The Shmooze

British Apologies At NY Philharmonic Fourth of July Bash

By Masha Leon

  • Print
  • Share Share

Musical fireworks lit up Avery Fisher Hall on July 4th when the New York Philharmonic led by British-born conductor Bramwell Tovey and the U.S. Coast Guard Band, under the baton of Capt. Kenneth Megan, launched the NYP’s annual Star Spangled Celebration with a heart-thumping rendition of “The Star Spangled Banner” which literally and figuratively thrilled both sides of the aisles.

“Why is this man with this accent standing here?” Tovey asked before explaining:” I’ve been sent by the British government to apologize. I feel terrible about the 1776 event — a ghastly mistake! Thrilled to be here among friends and allies.” The audience roared.

Karen Leon
Conductor Bramwell Tovey and Coast Guard Director Capt. Kenneth Megan

In his commentary on Aaron Copland’s (1900-90) “Four Dance Episodes” from “Rodeo” (1942/43), Tovey cautioned: “Rodeo’s Hoe-Down climax with its unexpected silence may scar you for life. [Yet]“ he conspiratorially confided, “it is a piece that saves you hours of therapy.” Commenting on his own composition, “The Lincoln Tunnel Cabaret for Trombone and Orchestra,” Tovey, with gusto, explained that it was “inspired by a tunnel traffic jam with everyone stuck behind you!” With its echoes of the 1940’s Big Bands, the orchestral work — which had its world premiere in 2013 — offered a showcase for the extraordinary Joseph Alessi, New York Philharmonic’s Principal Trombonist.

Capt. Megan led the white jacket-blue slacks/skirt clad U.S. Coast Guard Band in John Philip Sousa’s (1854-1932) “The Glory of the Yankee Navy “ and Leonard Bernstein’s (1918-1990) “Candide Suite” selections: “The Best of All Possible Worlds,” “Glitter and Be Gay,” and “Auto-Da-Fe (a/k/a/”What a Wonderful Day”) — a tongue-in-cheek allusion to The Inquisition.

The full orchestra and band joined in a medley of Service Anthems as Tovey asked veterans of America’s recent wars “to stand as their service’s anthem — Army, Navy, Air Force Marines and Coast Guard — was played.” As frail and elderly, middle-aged and a few young men and women stood up for their military branch’s anthem, the entire audience cheered and applauded, with some waving small American flags.

“If you haven’t heard them, you must have been living under a rock,” Tovey prefaced the joint orchestras’ performance of “A Medley of Sousa Marches.” He noted that Sousa’s (1893) “The Liberty Bell” march had [in the early 1970’s] been the theme for the BBC comedy series “Monty Python’s Flying Circus.” At the concert’s end, as the orchestras’ members stood at the ready for Sousa’s (1896) “Stars & Stripes Forever “ Tovey’s parting words were: “This is considered the greatest march ever written…What a great day this is! How much the world owes to America.”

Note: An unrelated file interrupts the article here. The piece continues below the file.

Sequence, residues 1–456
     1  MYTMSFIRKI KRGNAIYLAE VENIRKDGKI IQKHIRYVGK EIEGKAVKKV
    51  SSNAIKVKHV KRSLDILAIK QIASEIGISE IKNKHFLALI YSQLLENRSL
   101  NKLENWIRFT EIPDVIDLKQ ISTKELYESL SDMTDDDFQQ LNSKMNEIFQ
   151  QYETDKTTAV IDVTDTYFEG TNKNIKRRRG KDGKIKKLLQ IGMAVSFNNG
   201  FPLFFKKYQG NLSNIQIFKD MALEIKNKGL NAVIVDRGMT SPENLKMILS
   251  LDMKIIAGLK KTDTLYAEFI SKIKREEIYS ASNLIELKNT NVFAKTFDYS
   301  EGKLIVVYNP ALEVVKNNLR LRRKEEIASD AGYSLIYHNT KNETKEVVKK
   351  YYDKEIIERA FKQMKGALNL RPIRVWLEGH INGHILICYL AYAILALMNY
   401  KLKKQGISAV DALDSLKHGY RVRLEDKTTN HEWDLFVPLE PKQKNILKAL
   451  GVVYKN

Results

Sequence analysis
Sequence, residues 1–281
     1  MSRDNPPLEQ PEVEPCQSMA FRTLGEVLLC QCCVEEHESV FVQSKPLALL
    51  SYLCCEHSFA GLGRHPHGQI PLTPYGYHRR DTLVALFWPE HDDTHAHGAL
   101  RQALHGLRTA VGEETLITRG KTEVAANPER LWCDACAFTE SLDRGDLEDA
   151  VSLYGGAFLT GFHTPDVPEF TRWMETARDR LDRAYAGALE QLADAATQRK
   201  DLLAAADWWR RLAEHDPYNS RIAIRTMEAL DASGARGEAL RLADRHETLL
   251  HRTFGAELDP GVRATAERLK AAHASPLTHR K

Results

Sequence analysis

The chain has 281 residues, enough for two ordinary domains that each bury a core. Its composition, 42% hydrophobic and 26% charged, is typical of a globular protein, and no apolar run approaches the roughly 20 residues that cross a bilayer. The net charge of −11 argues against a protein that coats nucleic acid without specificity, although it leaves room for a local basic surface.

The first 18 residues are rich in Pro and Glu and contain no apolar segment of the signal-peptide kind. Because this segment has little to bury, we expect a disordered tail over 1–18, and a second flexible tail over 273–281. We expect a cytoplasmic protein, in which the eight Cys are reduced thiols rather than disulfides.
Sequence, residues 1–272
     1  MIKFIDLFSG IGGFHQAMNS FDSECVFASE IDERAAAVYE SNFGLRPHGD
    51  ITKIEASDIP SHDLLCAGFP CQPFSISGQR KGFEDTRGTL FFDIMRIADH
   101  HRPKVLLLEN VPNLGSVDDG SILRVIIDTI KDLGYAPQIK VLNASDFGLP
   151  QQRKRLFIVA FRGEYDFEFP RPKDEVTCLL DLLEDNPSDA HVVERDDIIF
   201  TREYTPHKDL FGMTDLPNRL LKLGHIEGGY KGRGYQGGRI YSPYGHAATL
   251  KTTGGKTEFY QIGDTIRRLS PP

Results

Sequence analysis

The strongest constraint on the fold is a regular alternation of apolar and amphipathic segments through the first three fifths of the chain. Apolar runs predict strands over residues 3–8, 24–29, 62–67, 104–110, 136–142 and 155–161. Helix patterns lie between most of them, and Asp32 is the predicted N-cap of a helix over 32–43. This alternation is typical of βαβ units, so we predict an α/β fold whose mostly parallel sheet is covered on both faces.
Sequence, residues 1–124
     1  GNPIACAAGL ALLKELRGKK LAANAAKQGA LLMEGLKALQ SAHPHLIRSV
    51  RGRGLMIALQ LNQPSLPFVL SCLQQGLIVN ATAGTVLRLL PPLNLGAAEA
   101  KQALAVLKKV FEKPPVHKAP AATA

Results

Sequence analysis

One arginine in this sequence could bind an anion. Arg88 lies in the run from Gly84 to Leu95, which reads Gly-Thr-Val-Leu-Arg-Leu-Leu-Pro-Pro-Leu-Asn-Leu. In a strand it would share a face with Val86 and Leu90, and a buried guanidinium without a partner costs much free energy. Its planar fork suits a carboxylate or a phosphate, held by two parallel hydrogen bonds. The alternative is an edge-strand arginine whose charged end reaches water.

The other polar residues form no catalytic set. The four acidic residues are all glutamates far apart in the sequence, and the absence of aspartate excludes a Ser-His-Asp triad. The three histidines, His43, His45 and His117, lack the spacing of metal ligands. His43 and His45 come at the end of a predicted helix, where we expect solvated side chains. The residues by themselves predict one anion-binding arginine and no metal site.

As I joined the crowd up the aisle toward the exit door, a woman tapped me on the shoulder and asked me “Are you an American?” I told her, “Yes.” Where was I from, she asked. I gave her a capsule overview of what had been a long odyssey. “ Me, too.” she smiled. “I come from Cuba. I left Communism to come here. God bless America.”


Permalink | | Share | Email | Print

The Jewish Daily Forward welcomes reader comments in order to promote thoughtful discussion on issues of importance to the Jewish community. In the interest of maintaining a civil forum, The Jewish Daily Forwardrequires that all commenters be appropriately respectful toward our writers, other commenters and the subjects of the articles. Vigorous debate and reasoned critique are welcome; name-calling and personal invective are not. While we generally do not seek to edit or actively moderate comments, our spam filter prevents most links and certain key words from being posted and The Jewish Daily Forward reserves the right to remove comments for any reason.




Find us on Facebook!
  • Is it better to have a young, fresh rabbi, or a rabbi who stays with the same congregation for a long time? What do you think?
  • Why does the leader of Israel's social protest movement now work in a beauty parlor instead of the Knesset?
  • What's it like to be Chagall's granddaughter?
  • Is pot kosher for Passover. The rabbis say no, especially for Ashkenazi Jews. And it doesn't matter if its the unofficial Pot Day of April 20.
  • A Ukrainian rabbi says he thinks the leaflets ordering Jews in restive Donetsk to 'register' were a hoax. But the disturbing story still won't die.
  • Some snacks to help you get through the second half of Passover.
  • You wouldn't think that a Soviet-Jewish immigrant would find much in common with Gabriel Garcia Marquez. But the famed novelist once helped one man find his first love. http://jd.fo/f3JiS
  • Can you relate?
  • The Forverts' "Bintel Brief" advice column ran for more than 65 years. Now it's getting a second life — as a cartoon.
  • Half of this Hillel's members believe Jesus was the Messiah.
  • Vinyl isn't just for hipsters and hippies. Israeli photographer Eilan Paz documents the most astonishing record collections from around the world:http://jd.fo/g3IyM
  • Could Spider-Man be Jewish? Andrew Garfield thinks so.
  • Most tasteless video ever? A new video shows Jesus Christ dying at Auschwitz.
  • "It’s the smell that hits me first — musty, almost sweet, emanating from the green felt that cradles each piece of silver cutlery in its own place." Only one week left to submit! Tell us the story of your family's Jewish heirloom.
  • from-cache

Would you like to receive updates about new stories?




















We will not share your e-mail address or other personal information.

Already subscribed? Manage your subscription.